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Who’s Advancing in Macomb: Sandy Fester

Posted on April 9, 2018

Who are you & what is your background?

My name is Sandy Fester and I’ve spent my entire career in the health care industry, specifically health insurance.  I hold a bachelors degree in business administration from Northwood University.  I am currently the Vice President of Middle and Small Group at Blue Cross Blue Shield of Michigan, with primary responsibility for the membership, profit and loss (P & L) and our distribution channel. I spent the first half of my career on the operations side of the business before transitioning to the sales area.

 

How long have you been with Blue Cross Blue Shield?

32 years!

 

Why did you decide to take this position?

It was a great opportunity to leverage my past experiences and be able to play a more strategic role in the organization while staying connected with the market.

 

What do you see as the most important aspect of leadership & why?

Having a vision and the ability to inspire trust across the organization so you can help people be aligned and working toward a common goal.  Trust and integrity are critical, especially in an environment of constant change, which is what we have experienced to a great degree in health care.   People will respect an authentic leader.  I don’t ever forget where I started within the company and the importance all roles play to achieve success.

 

How do you measure success?

First, you must be deliberate in goal setting and the actions you are taking.   You need to know where you are before you know where you’re going.  Being purposeful in goal setting and measurement is critical.  However, as many know, not all plans will result in success but learning from failures will no doubt better prepare you for the future.  For me it really does come down to setting clear goals and means to measure performance.  Reflection is also important and too often a missed step.  It is easy to move on to the next goal, assignment or initiative without taking the time to reflect on what worked and what didn’t.

 

What sets you apart from others in your industry?

I think the length of my tenure at one company is somewhat unique. I started in a clerical role and today I am in an executive position.   Having the opportunity to work my way up through various jobs within the organization has helped me be successful in my leadership roles.  I can say to people in various areas that I have been in their shoes and understand the challenges they face.  Their jobs matter and a good leader should always make sure that individual contributors across the organization know how they fit into an organization’s success.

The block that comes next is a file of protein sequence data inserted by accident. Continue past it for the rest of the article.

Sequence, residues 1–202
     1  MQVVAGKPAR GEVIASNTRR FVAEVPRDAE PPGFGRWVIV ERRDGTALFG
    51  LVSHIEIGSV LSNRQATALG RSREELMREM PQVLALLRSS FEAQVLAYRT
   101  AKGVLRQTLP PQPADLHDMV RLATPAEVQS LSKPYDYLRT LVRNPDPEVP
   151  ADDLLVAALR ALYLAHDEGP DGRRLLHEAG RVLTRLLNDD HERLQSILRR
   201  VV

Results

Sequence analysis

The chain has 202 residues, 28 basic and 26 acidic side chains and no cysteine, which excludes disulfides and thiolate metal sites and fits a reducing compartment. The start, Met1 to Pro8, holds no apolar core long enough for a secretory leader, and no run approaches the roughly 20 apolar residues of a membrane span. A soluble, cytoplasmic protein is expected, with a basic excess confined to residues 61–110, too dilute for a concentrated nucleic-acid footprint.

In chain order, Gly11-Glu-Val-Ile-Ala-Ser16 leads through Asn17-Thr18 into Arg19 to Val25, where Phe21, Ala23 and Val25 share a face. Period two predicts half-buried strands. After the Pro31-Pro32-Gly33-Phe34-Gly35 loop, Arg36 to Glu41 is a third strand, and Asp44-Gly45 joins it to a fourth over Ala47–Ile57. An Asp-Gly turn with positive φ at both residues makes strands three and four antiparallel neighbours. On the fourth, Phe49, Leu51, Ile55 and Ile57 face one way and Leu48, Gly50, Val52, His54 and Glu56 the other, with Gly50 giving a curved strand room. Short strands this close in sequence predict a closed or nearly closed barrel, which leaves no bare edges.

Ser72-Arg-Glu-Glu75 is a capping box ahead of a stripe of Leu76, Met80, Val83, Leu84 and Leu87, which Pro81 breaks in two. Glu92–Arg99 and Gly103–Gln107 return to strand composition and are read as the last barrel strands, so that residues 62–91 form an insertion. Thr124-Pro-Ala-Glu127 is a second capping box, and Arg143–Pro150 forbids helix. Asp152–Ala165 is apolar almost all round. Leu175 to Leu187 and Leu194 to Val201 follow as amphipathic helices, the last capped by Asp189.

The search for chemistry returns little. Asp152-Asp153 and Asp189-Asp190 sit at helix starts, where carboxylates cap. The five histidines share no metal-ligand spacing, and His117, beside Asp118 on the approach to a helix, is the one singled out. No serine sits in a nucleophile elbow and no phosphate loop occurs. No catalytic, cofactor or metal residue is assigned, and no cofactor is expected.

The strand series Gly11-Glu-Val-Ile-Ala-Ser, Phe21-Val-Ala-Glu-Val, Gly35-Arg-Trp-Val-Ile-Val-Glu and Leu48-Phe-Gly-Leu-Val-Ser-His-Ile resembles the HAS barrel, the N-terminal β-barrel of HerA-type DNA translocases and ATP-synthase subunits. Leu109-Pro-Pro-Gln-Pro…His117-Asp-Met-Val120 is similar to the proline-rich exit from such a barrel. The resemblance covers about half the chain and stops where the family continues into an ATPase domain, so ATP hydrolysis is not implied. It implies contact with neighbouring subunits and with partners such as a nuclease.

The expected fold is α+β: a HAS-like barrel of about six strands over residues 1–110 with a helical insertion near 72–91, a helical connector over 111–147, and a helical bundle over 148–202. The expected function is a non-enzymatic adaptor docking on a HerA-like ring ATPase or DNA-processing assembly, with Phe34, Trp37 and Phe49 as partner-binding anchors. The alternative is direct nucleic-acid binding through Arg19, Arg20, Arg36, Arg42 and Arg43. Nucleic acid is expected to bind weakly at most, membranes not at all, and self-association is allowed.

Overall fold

Looking back at your first year in this position, what changes have you seen within the organization and within your personal leadership style? What challenges have you overcome?

As I said earlier, change is constant which really does make my job very interesting.  I have seen our organization place more emphasis on understanding the needs of the customer and make innovation a priority.  Our current advertising campaign emphasizes it’s “time for more” and I think that is a powerful tagline.  While we are a market leader, the market is evolving and we need to continue to understand how are customers’ needs are evolving too.  I can’t point to one challenge, as I truly try to view them as opportunities and being able to prioritize is key.  Like most leaders we are works in progress.  Knowing our own strengths and weaknesses and showing some vulnerability is okay.  It helps me to know where my opportunities are.  I am never afraid to ask for feedback from others regardless where they sit in the organization.

 

How do you inspire your team/clients?

I lead by example and I listen.  It goes back to being authentic and leading with integrity.  Everything is not always going to go according to plan or be perfect but when you build trust with customers and your team, it is much easier to work through those challenges.

 

Did you have a mentor? If yes, who and how did you meet?

I have had several mentors throughout my career but in most cases, they were informal.  I would never hesitate to reach out to people that inspired me and demonstrated good leadership. One of my first managers was one of the best leaders I have ever reported to.  She would also give me stretch assignments and challenge me, while supporting my success.  She used to say, “You fail, I fail, we are in this together.”  She saw the leader in me before I ever did and basically influenced my transition from an individual contributor to a leadership role.  To this day I am thankful for her believing in me and encouraging me to challenge myself.

 

Are you involved with any outside organizations?

I have taken advantage of Leadership Macomb and Leadership Oakland and continue to encourage my team to do so as well. They were both great experiences.  I am most proud of a recent endeavor that I got involved with, which is a nonprofit that supports nonprofits, Impact100 Macomb County.  I was inspired after attending the annual grant ceremony at Impact 100 Oakland county.  I had inquired if there was a Macomb chapter and found that there wasn’t.  After talking with a few ambitious ladies that were also committed to Macomb County we formed Impact100 Macomb County. Our goal is to get 100 women to join and reach our goal of giving away a $100,000 grant.  This provides me the opportunity to work with a great group of ladies, exposure to nonprofits in Macomb county and the ability to make an impact in the community I was born and raised in.

 

What is your favorite thing to do on the Eastside? (Macomb County/Metro Detroit)

Golf is one of my favorite pastimes so I enjoy many of the courses Macomb County offers.